Note the primary colors on the color wheel graphic. All other colors are created by mixing red, yellow or blue, Orange, green and purple are secondary colors. Colors opposite each other on the color wheel are complementary colors and when placed side by side, can intensify each other and vibrate. Colors next to each other make up color families. Cool colors (blue, green, purple families) are those associated with cool things, — water, ice, shade trees. Warm colors (red, orange, yellow group) are those associated with warm or hot things,— fire, sun.

Colors also have value which refers to their lightness or darkness; tints of higher value and shades of lower value. The intensity of a color is determined by the amount of pure pigment
not to be confused with value.

Color is light. Physicists experimenting with light in the late 1800’s developed the science of color. Bending light rays through a prism, they demonstrated that the visible spectrum (can
be seen by the human eye, versus infra—red, ultra—violet, etc.) is a combination of colors making white light. We observe this in nature with the rainbow.

A group of painters, called the Impressionists, like the scientists of their day, also did some speculation of their own on the nature of the visual experience. Form, and space, they reasoned. are not actually seen but implied from varying intensities of light and color. Objects are not so much things in themselves as they are agents for the absorption and refraction of light. Hard outlines, indeed lines themselves, do not exist in nature. Shadows, they maintained, are not black but tend to take the color complementary to that of the objects that cast them. The concern of the painter, they concluded, should therefore be the light and color more than with the objects and substances. A painting, according to the Impressionists, should consist of a breakdown of sunlight into its component parts, and brilliance should be achieved by the use of the primary colors that make up the spectrum. Instead of greens mixed by the painter on the palette, separate dabs of yellow and blue should be placed close together and the mixing left to the spectator's eye. What seems confusion at close range is clarified at the proper distance. By thus trying to increase the brightness of their canvasses so as to convey the illusion of sunlight sifted through a prism, they achieved a veritable carnival of color in which the eye seems to join in a dance of vibrating light intensities. As a result of this re-examination of their technical means, the Impressionists discovered a new method of visual representation.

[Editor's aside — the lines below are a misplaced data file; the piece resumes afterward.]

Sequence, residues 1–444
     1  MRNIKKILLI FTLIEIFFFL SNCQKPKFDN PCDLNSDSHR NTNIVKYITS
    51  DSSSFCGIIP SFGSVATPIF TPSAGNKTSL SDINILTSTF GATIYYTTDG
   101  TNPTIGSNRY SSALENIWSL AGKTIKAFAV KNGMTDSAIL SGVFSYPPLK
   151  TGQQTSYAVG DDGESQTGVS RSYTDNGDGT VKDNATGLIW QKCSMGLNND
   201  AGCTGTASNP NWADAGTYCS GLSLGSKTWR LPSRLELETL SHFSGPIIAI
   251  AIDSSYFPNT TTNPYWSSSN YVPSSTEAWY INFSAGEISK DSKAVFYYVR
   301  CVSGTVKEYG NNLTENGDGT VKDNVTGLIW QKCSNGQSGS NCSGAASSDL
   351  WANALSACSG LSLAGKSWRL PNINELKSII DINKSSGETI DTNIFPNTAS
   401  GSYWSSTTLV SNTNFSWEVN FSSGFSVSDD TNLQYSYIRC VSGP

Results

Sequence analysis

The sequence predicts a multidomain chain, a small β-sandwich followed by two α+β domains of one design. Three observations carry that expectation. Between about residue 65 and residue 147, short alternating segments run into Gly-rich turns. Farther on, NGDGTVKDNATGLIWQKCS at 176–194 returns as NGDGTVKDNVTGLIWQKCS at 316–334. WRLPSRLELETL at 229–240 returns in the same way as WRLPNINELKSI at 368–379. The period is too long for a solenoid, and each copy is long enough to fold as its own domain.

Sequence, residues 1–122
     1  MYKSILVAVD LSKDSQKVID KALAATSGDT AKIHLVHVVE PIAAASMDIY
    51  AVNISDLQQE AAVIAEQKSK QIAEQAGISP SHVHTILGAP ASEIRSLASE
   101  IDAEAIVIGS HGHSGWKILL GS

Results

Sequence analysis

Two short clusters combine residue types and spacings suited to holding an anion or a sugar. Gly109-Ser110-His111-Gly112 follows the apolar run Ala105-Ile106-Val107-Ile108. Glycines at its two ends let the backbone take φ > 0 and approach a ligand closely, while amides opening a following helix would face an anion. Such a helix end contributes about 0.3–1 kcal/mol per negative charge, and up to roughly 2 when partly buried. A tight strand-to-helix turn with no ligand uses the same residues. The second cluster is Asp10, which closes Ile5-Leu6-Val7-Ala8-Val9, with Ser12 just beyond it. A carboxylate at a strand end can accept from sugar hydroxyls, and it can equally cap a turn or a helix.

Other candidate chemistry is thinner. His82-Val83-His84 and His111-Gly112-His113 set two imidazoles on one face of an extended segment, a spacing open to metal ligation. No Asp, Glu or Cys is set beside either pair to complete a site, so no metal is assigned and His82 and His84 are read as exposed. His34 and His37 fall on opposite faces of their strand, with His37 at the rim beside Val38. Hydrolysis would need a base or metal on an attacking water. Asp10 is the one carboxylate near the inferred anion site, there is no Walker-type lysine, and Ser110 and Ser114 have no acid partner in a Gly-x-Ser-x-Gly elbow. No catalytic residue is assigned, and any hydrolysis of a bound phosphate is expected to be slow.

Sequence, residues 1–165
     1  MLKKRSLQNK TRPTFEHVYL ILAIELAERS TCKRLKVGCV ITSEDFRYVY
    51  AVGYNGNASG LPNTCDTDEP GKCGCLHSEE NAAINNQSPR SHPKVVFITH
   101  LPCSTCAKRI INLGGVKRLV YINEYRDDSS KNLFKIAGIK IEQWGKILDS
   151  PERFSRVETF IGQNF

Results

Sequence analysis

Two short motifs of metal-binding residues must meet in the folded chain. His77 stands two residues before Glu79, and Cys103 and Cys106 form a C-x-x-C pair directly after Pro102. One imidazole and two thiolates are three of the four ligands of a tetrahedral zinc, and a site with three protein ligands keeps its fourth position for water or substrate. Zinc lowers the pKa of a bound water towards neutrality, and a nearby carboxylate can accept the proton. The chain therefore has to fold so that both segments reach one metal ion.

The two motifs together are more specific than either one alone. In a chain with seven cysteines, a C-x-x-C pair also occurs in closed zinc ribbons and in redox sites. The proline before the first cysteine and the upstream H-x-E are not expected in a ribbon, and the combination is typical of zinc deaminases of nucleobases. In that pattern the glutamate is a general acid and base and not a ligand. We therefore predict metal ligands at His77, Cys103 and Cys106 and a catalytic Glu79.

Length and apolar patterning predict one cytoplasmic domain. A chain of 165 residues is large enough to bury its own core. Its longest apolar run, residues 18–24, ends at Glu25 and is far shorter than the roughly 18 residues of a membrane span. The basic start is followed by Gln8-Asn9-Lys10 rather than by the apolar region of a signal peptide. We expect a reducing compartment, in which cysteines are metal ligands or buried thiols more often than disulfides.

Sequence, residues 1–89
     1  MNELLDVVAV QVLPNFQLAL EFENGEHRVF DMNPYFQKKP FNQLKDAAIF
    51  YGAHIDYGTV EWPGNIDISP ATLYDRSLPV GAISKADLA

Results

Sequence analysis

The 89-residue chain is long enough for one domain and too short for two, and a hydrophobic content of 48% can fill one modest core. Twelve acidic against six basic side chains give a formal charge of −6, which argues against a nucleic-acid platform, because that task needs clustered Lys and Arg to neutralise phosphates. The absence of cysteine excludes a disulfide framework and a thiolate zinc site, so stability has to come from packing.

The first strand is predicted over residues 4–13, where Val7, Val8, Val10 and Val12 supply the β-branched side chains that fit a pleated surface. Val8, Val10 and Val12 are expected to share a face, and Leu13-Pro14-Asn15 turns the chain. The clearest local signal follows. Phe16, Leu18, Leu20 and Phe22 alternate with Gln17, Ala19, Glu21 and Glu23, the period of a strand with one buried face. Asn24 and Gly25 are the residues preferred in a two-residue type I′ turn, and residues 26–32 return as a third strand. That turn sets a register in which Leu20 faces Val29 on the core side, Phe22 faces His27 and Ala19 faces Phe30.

The Psychology of color:

Color has very strong effects and associations for man - though these may differ with cultures and between individuals. We often speak of red as hot and blue as cold. but it is when colors get together that the action begins. colors can set moods - harmony, sadness, wild excitement, mystery.